3. Click-through Rate
You may have heard of click rate before, but did you know there is another metric that can provide a clearer picture of how well your emails perform? Meet click-through rate! Let’s start by breaking down the difference between each of these metrics first.
Click rate is the percentage of people who clicked a link in an email out of all the people who were delivered the email, regardless of if they even opened the email. On the other hand, the click-through rate looks at the percentage of recipients who clicked a link in the email out of those who actually opened the email. Click-through rate provides a clearer picture of how well your emails are performing because it focuses specifically on the level of engagement from those who are actually opening and reading your emails.
This is an important metric to track because if recipients are opening your emails but they are not clicking links, this may be a clue that readers are not actually interested in the content that you are sharing with them. This is also where segmentation can come in handy. If you take the time to create ideal client avatars, you can begin sending relevant and specific content tailored to each of these avatars vs. sending the same content to your entire email list. This is a surefire way to increase your email engagement.
4. Unsubscribe Rate
The unsubscribe rate tracks the percentage of recipients who unsubscribed from an email. This is a crucial metric to track for the health of your email list. As you know, sending content to contacts who want to receive your emails and are engaging with your content is a great marketing method, but sending emails to those who aren’t interested is not a great marketing method.
High unsubscribe rates could indicate that you’re sending content to people who are no longer interested in your services or are no longer interested in the content you are sending. Another possibility is that you may be sending too much content (yes, that is a thing!). As with the open rate metric, some inbox providers may penalize you for having a high unsubscribe rate by sending future emails to a spam or junk folder, so keep a watchful eye on this metric.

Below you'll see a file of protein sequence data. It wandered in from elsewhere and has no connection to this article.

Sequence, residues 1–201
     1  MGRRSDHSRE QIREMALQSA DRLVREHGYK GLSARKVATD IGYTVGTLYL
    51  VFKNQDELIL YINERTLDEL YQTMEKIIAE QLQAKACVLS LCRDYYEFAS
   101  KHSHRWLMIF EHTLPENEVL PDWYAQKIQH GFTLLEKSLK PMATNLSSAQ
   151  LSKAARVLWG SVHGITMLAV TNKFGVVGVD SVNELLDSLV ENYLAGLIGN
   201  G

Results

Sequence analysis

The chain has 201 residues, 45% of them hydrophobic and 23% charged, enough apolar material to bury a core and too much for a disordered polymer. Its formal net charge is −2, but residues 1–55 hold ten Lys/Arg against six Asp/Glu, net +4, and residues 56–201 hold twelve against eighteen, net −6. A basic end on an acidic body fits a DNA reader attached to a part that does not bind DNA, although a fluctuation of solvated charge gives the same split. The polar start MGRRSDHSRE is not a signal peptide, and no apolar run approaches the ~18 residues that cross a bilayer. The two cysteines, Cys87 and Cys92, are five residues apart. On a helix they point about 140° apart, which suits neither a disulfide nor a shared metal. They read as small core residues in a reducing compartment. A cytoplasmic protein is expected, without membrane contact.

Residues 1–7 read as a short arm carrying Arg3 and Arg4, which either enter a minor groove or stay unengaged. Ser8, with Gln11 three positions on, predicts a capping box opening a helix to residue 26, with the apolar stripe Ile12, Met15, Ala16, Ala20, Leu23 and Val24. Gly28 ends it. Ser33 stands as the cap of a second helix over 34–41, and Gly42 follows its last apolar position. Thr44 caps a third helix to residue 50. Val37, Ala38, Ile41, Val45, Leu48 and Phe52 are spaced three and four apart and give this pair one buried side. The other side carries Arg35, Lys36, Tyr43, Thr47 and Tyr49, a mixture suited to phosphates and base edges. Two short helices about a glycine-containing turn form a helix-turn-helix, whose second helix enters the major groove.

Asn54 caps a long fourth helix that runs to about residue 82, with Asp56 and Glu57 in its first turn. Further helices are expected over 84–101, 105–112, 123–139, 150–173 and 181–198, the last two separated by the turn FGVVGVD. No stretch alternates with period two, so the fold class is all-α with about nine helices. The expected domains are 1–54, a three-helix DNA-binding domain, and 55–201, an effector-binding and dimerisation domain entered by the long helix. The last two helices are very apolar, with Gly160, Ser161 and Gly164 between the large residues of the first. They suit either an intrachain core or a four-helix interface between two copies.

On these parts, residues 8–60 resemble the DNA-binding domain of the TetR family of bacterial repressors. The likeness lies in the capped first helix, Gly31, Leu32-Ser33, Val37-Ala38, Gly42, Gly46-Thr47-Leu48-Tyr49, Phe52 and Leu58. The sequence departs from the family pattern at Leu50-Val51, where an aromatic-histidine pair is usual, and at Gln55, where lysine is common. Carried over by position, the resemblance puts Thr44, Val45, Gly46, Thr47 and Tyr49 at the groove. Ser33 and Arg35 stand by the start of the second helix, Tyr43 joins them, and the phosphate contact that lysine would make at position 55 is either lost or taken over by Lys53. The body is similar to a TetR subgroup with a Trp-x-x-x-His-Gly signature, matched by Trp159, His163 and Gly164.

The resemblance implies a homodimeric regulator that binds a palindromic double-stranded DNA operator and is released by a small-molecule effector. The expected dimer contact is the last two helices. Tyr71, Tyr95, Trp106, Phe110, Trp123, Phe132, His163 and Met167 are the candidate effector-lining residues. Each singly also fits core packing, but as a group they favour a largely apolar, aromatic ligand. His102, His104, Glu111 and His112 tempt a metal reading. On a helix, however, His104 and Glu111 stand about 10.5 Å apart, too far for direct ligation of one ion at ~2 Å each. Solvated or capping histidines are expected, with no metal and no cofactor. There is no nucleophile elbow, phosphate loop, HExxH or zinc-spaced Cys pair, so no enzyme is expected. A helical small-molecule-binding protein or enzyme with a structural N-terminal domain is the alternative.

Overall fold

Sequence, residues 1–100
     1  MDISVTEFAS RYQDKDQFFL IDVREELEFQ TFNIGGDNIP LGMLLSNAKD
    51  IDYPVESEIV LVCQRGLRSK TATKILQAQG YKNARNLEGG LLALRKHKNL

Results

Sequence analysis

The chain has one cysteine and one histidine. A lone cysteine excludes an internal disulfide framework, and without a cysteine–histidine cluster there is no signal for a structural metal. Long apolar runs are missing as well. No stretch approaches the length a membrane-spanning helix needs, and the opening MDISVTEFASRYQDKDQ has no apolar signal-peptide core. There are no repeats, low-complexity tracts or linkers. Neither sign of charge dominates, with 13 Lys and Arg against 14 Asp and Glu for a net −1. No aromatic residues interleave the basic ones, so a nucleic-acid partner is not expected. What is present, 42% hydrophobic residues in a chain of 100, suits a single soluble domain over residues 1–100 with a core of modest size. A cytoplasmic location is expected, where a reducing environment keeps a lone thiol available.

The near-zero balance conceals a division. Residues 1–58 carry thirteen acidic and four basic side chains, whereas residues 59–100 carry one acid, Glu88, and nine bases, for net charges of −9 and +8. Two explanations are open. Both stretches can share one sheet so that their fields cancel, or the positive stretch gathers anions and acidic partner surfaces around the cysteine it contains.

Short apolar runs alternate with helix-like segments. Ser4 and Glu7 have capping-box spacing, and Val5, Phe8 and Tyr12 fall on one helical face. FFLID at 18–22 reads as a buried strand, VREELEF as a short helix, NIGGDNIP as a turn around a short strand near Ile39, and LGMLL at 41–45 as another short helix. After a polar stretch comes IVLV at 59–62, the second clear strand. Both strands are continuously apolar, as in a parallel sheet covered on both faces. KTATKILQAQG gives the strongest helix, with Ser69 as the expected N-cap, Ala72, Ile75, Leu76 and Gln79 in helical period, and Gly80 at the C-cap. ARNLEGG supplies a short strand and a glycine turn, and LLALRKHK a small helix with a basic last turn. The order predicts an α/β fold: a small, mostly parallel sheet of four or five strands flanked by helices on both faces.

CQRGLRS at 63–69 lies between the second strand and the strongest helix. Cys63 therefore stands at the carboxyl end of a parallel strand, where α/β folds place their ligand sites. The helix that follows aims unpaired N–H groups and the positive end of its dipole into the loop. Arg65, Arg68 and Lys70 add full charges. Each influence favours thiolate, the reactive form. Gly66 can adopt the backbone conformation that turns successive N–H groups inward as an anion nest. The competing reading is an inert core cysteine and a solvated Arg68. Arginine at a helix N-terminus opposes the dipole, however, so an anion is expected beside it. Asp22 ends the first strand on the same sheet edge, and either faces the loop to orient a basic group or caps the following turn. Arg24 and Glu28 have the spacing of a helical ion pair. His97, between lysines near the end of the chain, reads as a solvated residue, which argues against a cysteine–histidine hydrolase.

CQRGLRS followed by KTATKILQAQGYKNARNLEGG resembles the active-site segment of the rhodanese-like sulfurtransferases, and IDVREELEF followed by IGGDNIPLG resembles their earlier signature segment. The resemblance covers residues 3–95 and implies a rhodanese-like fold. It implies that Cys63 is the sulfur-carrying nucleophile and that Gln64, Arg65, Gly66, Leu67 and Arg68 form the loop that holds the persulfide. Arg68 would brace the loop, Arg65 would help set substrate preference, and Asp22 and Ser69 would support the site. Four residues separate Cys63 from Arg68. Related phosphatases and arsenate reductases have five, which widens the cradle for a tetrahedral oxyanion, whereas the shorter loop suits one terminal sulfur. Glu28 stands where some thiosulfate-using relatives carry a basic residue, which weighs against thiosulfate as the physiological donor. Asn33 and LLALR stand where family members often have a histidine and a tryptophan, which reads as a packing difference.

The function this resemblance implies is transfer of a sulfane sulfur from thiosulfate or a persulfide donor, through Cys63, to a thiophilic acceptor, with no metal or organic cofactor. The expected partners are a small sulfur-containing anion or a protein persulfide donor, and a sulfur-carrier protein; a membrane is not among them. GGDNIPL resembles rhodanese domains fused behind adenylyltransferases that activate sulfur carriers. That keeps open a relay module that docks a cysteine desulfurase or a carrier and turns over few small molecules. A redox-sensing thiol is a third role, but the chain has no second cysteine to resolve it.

5. Conversion Rate
The last metric I’ll break down is what is known as the conversion rate. After an email recipient has opened and read your email, the next goal is typically to get them to convert on your call-to-action (CTA). This could be encouraging the reader to schedule an introductory meeting with you, download a content offer of yours, or subscribe to your blog. Let’s say you're sending an email with a CTA that offers recipients the opportunity to schedule a call with you. In this case, you'd consider anyone who schedules a call to be a conversion. Tracking your conversion rate is one of the most important metrics for determining the extent to which you're achieving your firm’s marketing goals.
Now you’re probably wondering what a good average is for each of these metrics. The honest answer is, it can depend. If you do a quick Google search for average email benchmarks, you’ll find some metrics to compare against. However, email metric data varies across industries and will also be different for each firm based on your audience and niche. This is exactly why averages and best practices exist so that you can have a general understanding of subscriber engagement.
The more emails you send, the more you’ll understand your send list, what content resonates with them most, and what new email tactics you can try over time. But all of this only if you keep your eyes on the right data points. Tracking these five email metrics will help you maximize your results when it comes to the time and effort you already spend writing and sending your valuable content. The email marketing club is the club to be in as a firm owner—now you’ll be a data-minded member at that.
About the Author
After getting her start as a Network Navigator on Team XYPN, Lindsey White now manages all things email in her aptly titled role of Email Marketing Manager. She is (almost) as passionate about subject lines and open rates as she is about growing the movement; lucky for her, she gets to focus on all of these things here at XYPN, where she crafts bragworthy emails like it’s her job—because it is.